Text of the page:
Activist group promotes Egypt’s powerful intelligence chief for presidentBy Sarah El Deeb, AP
Thursday, September 2, 2010
Group promotes Egypt’s spy chief for president
CAIRO — Activists on Thursday hung posters across Cairo supporting Egypt’s intelligence chief as a candidate in next year’s presidential elections, the latest campaign to try to undermine a possible father-son succession in the Arab world’s most populous nation.
The posters of Lt. Gen. Omar Suleiman were also a sign that the debate over who is to rule this close U.S. ally is now being fought out on the streets, and not in closed doors or among intellectuals.
The group putting up the posters has insisted on anonymity so it is impossible to determine its credibility or popularity, but it is championing one of the most powerful men in the country.
Presenting Suleiman as an alternative could signal the first challenge to the father-son succession from within the regime, analysts said, since the general comes from the powerful military and wields a great deal of influence in the governing of the country.
Gamal Mubarak for the past decade has been expected to succeed his father, 82-year-old President Hosni Mubarak. Both deny that such a plan exists, although the younger Mubarak’s political clout has significantly grown over the past decade.
The question of who will succeed Egypt’s ruler for nearly 30 years gained added urgency when the older Mubarak traveled to Germany earlier this year for surgery to remove his gallbladder and a benign growth in his small intestine.
Posters also appeared this month around Cairo promoting Gamal as Egypt’s next leader and urging him to run in next year’s presidential election.
Egypt’s ruling party has denied it was behind the campaign, and analysts say it may be a sign there was disagreement within the party over the succession.
Much was also made in Egypt of the president’s son accompanying him to the inauguration of the latest round in Israeli-Palestinian peace talks, suggesting Gamal was being introduced around internationally.
The possibility of the son’s succession has galvanized Egypt’s divided opposition and they have floated a number of alternatives, including former U.N. nuclear agency chief Mohamed ElBaradei, in addition to Suleiman.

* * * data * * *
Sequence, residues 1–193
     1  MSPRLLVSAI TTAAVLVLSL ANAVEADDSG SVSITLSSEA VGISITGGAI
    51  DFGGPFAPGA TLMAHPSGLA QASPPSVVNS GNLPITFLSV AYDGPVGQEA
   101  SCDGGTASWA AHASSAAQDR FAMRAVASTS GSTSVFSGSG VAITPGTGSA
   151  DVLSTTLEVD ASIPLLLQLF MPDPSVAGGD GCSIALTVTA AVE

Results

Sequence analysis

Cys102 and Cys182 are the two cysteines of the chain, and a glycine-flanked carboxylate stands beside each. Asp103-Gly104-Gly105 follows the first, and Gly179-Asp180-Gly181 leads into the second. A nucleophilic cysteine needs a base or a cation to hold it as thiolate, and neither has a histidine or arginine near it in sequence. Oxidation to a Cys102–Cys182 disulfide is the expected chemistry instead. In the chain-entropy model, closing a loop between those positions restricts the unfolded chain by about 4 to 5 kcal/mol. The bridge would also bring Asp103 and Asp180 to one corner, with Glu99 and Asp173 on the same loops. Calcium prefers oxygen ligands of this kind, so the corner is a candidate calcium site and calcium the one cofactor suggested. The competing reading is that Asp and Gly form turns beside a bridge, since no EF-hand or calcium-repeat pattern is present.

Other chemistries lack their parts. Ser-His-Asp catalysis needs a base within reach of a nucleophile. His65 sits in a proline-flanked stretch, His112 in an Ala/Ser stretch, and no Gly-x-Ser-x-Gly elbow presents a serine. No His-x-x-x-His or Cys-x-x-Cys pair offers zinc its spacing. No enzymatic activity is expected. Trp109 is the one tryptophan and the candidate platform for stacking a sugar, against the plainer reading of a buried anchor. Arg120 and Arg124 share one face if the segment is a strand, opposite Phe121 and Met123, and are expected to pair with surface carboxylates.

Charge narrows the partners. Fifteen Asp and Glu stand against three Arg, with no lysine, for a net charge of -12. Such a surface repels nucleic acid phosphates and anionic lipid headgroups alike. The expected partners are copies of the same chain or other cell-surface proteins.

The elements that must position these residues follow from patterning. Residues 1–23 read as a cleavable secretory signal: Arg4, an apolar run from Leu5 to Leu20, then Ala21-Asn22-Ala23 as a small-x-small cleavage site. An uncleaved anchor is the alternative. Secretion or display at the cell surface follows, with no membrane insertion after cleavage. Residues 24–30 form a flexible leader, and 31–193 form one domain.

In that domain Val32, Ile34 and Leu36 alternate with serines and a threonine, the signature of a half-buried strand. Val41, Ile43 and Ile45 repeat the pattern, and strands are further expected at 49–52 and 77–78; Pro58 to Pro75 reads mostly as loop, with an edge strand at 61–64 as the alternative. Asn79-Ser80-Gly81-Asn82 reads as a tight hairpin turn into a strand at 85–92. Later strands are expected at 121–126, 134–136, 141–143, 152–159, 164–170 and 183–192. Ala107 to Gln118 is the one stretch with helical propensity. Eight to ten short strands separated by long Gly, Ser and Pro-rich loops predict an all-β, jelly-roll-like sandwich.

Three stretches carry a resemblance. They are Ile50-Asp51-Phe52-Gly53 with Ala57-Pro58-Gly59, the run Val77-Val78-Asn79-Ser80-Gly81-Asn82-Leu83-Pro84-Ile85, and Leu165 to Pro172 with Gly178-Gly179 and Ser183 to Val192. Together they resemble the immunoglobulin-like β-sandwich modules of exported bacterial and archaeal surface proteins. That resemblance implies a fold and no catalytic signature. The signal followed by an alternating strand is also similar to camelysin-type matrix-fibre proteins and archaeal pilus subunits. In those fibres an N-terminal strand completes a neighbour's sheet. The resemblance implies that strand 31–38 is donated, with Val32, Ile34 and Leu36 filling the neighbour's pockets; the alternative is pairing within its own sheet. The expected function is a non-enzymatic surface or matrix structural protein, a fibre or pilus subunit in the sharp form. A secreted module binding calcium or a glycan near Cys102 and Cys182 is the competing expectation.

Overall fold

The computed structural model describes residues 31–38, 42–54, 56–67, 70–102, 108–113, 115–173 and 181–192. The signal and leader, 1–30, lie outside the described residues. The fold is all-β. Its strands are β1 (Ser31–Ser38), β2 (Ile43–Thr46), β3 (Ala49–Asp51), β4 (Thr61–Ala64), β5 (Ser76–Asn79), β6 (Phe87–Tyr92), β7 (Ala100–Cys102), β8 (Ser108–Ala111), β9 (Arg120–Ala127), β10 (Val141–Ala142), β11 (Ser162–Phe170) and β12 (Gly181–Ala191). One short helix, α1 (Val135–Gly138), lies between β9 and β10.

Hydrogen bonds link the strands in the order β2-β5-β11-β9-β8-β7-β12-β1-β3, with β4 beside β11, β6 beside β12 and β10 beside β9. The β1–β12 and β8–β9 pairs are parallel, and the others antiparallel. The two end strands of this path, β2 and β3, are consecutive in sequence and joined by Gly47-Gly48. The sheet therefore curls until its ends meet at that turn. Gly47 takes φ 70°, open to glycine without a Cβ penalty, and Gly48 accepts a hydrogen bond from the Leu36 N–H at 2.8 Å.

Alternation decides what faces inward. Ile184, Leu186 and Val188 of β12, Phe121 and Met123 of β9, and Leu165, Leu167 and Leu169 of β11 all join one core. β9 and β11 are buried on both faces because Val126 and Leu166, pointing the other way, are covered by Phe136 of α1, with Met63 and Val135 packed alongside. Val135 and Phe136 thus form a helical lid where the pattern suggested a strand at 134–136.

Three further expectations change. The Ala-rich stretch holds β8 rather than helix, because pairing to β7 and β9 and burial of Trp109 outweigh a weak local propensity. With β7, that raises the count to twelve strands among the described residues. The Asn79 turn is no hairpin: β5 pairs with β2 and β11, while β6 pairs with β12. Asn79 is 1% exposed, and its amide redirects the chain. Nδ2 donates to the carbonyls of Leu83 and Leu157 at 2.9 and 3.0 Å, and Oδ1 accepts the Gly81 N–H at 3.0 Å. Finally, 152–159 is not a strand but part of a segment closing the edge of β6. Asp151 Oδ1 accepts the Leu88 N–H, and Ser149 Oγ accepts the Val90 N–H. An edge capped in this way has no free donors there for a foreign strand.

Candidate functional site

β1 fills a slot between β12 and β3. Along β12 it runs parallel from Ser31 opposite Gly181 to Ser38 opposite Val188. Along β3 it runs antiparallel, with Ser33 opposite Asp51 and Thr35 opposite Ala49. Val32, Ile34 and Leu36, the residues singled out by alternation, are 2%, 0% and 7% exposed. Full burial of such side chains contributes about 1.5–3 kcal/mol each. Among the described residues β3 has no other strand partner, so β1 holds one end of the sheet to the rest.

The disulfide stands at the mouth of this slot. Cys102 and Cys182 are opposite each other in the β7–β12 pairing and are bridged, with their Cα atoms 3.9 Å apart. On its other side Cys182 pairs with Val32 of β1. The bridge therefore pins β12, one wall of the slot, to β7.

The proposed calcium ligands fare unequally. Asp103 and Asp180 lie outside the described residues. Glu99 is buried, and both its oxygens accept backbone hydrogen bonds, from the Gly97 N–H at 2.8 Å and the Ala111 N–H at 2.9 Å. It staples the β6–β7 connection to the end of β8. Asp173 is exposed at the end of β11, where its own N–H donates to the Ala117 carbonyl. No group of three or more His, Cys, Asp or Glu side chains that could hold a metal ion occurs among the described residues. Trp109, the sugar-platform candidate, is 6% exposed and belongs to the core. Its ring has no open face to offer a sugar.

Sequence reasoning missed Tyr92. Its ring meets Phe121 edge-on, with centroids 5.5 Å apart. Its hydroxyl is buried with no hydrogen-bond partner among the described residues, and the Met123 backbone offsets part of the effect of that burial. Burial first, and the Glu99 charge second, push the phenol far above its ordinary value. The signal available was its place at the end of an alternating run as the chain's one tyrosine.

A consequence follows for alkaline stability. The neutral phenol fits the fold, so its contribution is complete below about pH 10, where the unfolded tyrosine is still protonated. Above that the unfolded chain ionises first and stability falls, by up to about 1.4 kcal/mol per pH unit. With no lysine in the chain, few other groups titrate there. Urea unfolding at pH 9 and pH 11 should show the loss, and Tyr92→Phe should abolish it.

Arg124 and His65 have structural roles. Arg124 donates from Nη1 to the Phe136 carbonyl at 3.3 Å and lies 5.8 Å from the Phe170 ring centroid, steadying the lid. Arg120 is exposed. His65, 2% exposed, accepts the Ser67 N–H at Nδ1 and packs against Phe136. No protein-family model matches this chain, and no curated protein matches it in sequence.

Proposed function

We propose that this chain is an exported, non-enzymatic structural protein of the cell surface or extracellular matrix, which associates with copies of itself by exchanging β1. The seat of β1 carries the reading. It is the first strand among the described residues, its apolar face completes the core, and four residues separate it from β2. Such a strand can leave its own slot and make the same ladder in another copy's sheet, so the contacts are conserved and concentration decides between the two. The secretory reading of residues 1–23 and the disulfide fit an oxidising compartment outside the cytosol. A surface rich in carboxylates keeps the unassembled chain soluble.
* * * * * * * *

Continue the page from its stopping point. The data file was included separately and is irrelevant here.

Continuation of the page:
Suleiman has long been described as a potential candidate by analysts, but the poster campaign represents a new step with previously unseen images of him in a business suit, dark sunglasses and the slogan, “the real alternative.”
The posters appeared in several neighborhoods, on walls and bridges, and in one case, four of them were plastered round a single one of Gamal Mubarak.
The group behind the posters described themselves as the “Popular campaign in support of Omar Suleiman as president of Egypt” and issued a statement appealing to the regime, opposition groups and the army to support their call.
“We repeat the call … and direct it to the elders of the regime, to the Egyptian opposition and to Egypt’s honorable army which will not want to smear the glory of the Egyptian state with the shame and disgrace of a succession sought by the president’s son,” the statement said.
“We think the only way to achieve real democratic transformation in Egypt is to have Lt. Gen. Omar Suleiman assume power for a transitional period,” it added, expressing worry of the president’s health and attempts by businessmen to push forward Gamal.
The group’s spokesman said he wants to remain anonymous because it is “our idea” not “our name” that matters.
Suleiman, 74, has been Egypt’s intelligence chief for nearly two decades. He is a close Mubarak adviser and is in charge of Egypt’s most pressing foreign policy issues, such as relations with Israel, the United States and neighboring Sudan.
Suleiman rarely speaks to the media and, like most of those with intelligence or military backgrounds, is viewed positively by many Egyptians who look to him as a candidate that would keep Egypt’s top job within the widely respected military. He has never publicly expressed a wish to run for president and is not a member of the ruling party.
Egypt’s monarchy was overthrown by the military in 1952 and every one of its four presidents have come from the ranks.
Diaa Rashwan, of the Al-Ahram Center think tank said the fact that the campaign was physically on the streets was significant.
“It is a street campaign, not internet or analyst comment. It is a reality, on the streets of Cairo,” he said, adding that it could signify a real struggle within the system.
“The determining factor is whether these posters will stay up,” he said.
Security officials refused to comment on the posters and government officials were not available for comment.